May 01, 2011

A 20,000 Candle Party



On May 11, 1791, one of the most extravagant and sumptuous parties of Catherine the Great’s reign was held in the Tauride Palace, the St. Petersburg residence of Prince Grigory Potyomkin. The celebration marked the successful capture of the Izmail Fortress from Turkey. Yet as significant as this victory was, what was really being celebrated was something much greater.

There were many layers of meaning underlying the celebration at the Tauride Palace, but first and foremost among them was that the victory marked yet another step toward the fulfillment of a grandiose, semi-utopian scheme that had been conceived many years before by Potyomkin and the Empress. It was the dream of advancing southward, to the Bosporus, to Istanbul, or, as Russians preferred to call it, to Constantinople, to the great city where once upon a time Byzantine emperors ruled and from whence Christianity came to Rus. This was the dream that drove many Russian politicians. Despite the illusoriness and irrationality of the idea, its echoes still reverberate today.

In the early sixteenth century, Philotheus, a monk at the Yelizarov Monastery north of Pskov, submitted an epistle to Moscow’s Grand Prince Vasily III. This epistle formulated an idea that would become a catalyst of Russian history over the coming centuries. As Philotheus explained it, the sack of Rome by barbarians (410 ad) was a form of punishment of the emperors for having allowed themselves to fall under the influence of heretics. This led to the rise of Constantinople – the Second Rome. And the defeat of Constantinople by the Turks (1453 ad) resulted from the Orthodox Byzantine emperor entering into a union with the “heretical” Roman pope, the head of the Catholic Church. What city could now take its place? Philotheus had no doubt that Moscow was the answer to that question. “Moscow is the Third Rome, and a fourth shall never be.” These famous words have since been repeated by philosophers, poets, and politicians.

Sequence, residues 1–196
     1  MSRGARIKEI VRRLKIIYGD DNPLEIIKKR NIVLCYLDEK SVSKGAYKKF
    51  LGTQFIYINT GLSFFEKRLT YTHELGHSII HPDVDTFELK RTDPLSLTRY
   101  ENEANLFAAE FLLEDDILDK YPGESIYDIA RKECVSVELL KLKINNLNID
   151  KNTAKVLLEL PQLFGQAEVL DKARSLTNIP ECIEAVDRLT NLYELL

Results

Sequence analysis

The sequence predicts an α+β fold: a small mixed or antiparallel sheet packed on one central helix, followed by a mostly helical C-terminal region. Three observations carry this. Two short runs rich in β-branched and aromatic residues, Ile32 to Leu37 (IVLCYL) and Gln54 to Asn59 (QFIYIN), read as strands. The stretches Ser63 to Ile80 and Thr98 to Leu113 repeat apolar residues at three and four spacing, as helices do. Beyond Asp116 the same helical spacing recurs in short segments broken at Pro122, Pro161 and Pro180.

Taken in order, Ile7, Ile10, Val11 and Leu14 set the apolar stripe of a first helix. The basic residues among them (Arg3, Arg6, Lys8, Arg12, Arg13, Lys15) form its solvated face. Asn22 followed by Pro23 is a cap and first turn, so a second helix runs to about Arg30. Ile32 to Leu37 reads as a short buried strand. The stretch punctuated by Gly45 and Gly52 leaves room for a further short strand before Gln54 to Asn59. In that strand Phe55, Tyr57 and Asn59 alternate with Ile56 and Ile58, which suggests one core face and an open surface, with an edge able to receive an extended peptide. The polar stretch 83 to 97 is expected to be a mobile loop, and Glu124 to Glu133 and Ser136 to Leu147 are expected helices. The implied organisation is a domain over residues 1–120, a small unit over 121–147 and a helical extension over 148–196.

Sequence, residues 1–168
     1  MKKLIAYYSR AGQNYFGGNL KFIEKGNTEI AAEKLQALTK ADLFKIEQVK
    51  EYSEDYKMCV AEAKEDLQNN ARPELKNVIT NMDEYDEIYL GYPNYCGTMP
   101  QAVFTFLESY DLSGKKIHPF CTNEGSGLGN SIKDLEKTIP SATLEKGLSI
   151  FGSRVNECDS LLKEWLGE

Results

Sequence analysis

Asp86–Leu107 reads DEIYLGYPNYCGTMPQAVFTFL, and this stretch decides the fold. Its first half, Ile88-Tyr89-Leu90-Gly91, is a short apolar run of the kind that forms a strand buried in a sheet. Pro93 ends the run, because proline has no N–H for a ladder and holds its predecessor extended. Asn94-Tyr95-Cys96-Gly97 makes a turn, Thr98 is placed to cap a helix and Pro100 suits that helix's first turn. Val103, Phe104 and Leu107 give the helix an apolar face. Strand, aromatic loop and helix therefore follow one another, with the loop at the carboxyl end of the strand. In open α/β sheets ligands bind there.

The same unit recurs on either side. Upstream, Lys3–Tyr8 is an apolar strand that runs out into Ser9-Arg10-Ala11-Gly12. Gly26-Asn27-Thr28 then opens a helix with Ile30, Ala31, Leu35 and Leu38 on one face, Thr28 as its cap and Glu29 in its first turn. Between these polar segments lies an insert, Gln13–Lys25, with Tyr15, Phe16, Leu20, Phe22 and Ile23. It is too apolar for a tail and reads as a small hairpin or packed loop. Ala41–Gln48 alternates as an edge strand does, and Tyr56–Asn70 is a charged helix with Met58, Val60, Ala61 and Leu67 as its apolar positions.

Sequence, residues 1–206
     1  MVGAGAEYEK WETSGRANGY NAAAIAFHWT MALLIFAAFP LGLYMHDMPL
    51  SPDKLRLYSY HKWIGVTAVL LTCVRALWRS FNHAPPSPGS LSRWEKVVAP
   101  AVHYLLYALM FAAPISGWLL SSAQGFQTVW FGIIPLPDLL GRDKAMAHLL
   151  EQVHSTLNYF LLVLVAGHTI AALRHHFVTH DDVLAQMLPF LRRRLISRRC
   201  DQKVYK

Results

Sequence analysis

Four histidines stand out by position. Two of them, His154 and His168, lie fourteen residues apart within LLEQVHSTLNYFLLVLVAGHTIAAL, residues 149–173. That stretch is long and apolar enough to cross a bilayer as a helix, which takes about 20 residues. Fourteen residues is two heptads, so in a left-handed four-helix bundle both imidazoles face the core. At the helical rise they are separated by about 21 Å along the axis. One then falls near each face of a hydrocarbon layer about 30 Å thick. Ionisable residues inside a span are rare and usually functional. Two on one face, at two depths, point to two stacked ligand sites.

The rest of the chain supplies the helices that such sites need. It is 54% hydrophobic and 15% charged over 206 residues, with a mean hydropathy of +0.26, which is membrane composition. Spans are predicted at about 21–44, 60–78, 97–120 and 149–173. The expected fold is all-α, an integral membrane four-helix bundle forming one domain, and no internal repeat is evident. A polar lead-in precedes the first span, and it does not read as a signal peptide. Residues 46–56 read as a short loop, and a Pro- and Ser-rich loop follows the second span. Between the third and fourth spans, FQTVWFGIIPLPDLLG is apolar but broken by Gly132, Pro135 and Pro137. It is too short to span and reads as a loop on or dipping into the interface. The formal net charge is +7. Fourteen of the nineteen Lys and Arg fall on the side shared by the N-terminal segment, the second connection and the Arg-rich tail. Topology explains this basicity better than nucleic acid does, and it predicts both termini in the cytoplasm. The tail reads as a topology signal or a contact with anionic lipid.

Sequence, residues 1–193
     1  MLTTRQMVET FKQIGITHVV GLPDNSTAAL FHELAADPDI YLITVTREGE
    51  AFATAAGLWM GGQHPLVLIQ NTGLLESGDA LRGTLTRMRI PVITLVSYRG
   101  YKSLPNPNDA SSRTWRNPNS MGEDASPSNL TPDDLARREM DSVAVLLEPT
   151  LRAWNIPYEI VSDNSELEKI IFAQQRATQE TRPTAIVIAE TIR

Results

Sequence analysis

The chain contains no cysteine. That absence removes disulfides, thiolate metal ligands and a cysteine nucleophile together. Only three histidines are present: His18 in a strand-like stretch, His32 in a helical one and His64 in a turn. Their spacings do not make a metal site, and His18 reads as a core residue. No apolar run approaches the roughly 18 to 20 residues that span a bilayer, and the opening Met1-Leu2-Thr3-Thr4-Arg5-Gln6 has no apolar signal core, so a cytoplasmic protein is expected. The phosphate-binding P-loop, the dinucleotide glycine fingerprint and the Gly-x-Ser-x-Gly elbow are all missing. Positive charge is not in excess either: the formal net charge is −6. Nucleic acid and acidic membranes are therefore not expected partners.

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See Also

The Tsarina's Pen

The Tsarina's Pen

Catherine the Great was a prolific letter writer and her missives offer a uniquely intimate view of her personal life and political development (to say nothing of her humor and passion).

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